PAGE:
New Report: Potential Links Between
Weight, Physical Activity and Breast Cancer Survival
There are now approximately 3.1 million breast cancer survivors living in the United States. The latest Continuous Update Project report, released earlier this month, has now identified potential links between diet, weight and physical activity and longer survival for women diagnosed with breast cancer.
In partnership with AICR, World Cancer Research Fund (WCRF) International's report found indications of links between survival and:
- A healthy body weight
- Being physically active
- Eating foods containing fiber and soy
- A lower intake of fat, particularly saturated fat
The latest report from the Continuous Update Project is the most rigorous, in-depth and systematic review of worldwide research yet conducted into breast cancer survivors and the lifestyle factors affecting their survival.
The CUP analysis includes 85 separate studies of 164,416 women and highlights growing evidence of links between a healthy BMI, physical activity, diet and all-cause mortality, breast cancer mortality, and subsequent primary breast cancer incidence.
The findings of Diet, Nutrition, Physical Activity and Breast Cancer Survivors support AICR’s recommendations that eating a plant-based diet, keeping to a healthy weight and getting regular physical activity remain the best strategies for all cancer survivors to follow. The report concludes, however, that currently available scientific evidence is still not strong enough to give concrete recommendations specifically for breast cancer survivors.
“Although it is difficult to make specific recommendations, the research suggests that women who have a healthy weight and are physically active, both before and after they are diagnosed, have a better chance of surviving a diagnosis of breast cancer and of not getting a second primary breast cancer,” said Anne McTiernan, MD, PhD, the panel lead of the CUP report and a researcher in the Public Health Sciences Division at the Fred Hutchinson Cancer Research Center in Seattle. “We need to know more about the effects of other factors on the associations between lifestyle and survival, including specific types of tumors, the stage at which a tumor is found, previous cancer treatment, and socio-economic factors.”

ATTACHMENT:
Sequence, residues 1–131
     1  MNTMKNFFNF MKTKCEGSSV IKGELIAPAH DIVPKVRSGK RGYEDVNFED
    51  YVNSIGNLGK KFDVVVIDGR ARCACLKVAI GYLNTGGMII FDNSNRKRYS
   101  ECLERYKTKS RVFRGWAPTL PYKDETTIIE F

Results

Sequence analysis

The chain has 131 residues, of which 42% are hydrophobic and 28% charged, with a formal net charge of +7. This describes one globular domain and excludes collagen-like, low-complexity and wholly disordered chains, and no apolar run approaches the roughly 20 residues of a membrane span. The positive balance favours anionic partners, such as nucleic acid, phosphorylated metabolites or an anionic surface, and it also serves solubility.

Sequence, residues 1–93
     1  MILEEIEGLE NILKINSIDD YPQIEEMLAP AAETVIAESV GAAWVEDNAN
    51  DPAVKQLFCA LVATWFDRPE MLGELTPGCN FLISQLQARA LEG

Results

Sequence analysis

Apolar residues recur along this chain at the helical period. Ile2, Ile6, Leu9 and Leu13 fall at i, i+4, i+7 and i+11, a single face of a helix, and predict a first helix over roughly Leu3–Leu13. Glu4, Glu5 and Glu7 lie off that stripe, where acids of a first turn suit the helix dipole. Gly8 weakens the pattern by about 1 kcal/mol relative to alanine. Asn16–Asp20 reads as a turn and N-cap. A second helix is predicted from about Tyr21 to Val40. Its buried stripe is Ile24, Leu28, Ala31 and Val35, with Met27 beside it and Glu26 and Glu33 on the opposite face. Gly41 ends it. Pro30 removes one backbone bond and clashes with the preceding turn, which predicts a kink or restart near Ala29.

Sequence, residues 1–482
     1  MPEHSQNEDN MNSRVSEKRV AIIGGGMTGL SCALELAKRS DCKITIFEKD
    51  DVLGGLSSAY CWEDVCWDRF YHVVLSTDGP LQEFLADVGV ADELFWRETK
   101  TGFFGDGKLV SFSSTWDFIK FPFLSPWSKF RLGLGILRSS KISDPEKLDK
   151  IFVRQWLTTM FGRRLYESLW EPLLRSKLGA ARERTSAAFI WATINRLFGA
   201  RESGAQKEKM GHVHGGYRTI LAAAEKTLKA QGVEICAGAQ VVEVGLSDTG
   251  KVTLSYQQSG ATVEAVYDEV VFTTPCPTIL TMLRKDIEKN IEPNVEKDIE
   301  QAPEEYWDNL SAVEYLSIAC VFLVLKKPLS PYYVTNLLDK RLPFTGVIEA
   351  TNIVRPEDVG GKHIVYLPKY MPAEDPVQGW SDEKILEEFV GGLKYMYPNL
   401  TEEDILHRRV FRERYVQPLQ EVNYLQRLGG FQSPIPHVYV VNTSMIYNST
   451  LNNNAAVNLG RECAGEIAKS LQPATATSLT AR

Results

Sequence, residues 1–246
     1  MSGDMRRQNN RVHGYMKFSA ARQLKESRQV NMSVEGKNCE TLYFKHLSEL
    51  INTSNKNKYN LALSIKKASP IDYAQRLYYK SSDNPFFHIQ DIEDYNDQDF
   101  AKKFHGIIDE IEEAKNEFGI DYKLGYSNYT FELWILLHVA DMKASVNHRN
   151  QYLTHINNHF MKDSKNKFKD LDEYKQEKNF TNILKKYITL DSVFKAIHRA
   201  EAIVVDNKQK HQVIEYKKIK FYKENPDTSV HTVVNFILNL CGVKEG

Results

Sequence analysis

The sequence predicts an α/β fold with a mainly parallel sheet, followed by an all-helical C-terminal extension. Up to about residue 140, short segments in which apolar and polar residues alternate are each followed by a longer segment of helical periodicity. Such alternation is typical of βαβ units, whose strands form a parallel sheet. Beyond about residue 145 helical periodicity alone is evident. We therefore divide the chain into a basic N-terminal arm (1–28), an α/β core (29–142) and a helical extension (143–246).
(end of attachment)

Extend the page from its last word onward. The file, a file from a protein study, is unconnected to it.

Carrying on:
Previous reports from AICR and WCRF International have shown that a healthy body weight reduces the risk for eight cancers, including post-menopausal breast cancer.
The new report also found some evidence that women who eat more foods containing fiber and soy may have a lower risk of dying following a diagnosis of breast cancer, and that women eating a diet high in fat and saturated fat may have increased risk of dying following a diagnosis of breast cancer, although these findings are also still not strong enough to merit specific recommendations for breast cancer survivors.
There are several possible mechanisms to explain links between diet, weight, and physical activity with breast cancer prognosis. For example, being overweight or obese increases blood levels of insulin, estrogen and other hormones that can encourage the growth of cancerous cells. Because fat tissue is metabolically active, it produces proteins that cause inflammation, which can promote cancerous changes in cells and tissues.
And physical activity may influence breast cancer outcomes through its effects on hormones and by helping women prevent weight gain.
“We know there are many reasons for women to eat a plant-based diet and be active, both for cancer prevention and overall health,” said Alice Bender, RDN, MS, AICR Associate Director for Nutrition Programs. “For survivors, start where you are and look for small changes you can make. For example, take advantage of the times you feel best to walk or move in some way. Use pre-chopped or frozen vegetables as an easy way to boost your healthy diet.”
Today’s report on breast cancer survivors – the first CUP report to look at survivorship – has not changed AICR’s advice to the survivor community: After treatment, breast cancer survivors should follow AICR’s 10 Recommendations for Cancer Prevention, as guided by their health care professional.
Source: Krasimira Aleksandrova et al. Combined impact of healthy lifestyle factors on colorectal cancer: a large European cohort study. BMC Medicine, 2014; 12 (1): 168.
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